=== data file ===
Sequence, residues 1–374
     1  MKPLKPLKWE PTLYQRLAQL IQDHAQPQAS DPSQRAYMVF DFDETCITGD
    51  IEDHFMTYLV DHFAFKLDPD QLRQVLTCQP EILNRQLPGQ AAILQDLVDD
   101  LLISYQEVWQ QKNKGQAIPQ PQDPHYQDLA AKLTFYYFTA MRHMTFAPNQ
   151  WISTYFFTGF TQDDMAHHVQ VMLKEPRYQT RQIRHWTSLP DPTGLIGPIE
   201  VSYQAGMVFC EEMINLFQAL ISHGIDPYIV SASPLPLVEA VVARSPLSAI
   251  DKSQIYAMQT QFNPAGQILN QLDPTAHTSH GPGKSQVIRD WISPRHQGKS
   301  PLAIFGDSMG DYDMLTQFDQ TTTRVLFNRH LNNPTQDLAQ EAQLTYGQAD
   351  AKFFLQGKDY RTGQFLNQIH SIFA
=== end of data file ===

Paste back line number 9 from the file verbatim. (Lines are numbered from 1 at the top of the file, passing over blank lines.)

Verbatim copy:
   351  AKFFLQGKDY RTGQFLNQIH SIFA